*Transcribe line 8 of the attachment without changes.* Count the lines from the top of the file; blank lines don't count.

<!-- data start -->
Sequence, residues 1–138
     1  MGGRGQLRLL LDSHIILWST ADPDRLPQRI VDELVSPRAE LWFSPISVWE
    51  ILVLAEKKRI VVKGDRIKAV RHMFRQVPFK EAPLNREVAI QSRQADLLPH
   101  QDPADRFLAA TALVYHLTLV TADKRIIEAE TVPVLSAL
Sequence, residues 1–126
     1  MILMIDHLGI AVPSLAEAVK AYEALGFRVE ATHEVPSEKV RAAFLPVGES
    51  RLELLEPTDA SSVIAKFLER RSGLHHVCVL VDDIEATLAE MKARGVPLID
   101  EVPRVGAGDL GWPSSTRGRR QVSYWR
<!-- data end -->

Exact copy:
   101  EVPRVGAGDL GWPSSTRGRR QVSYWR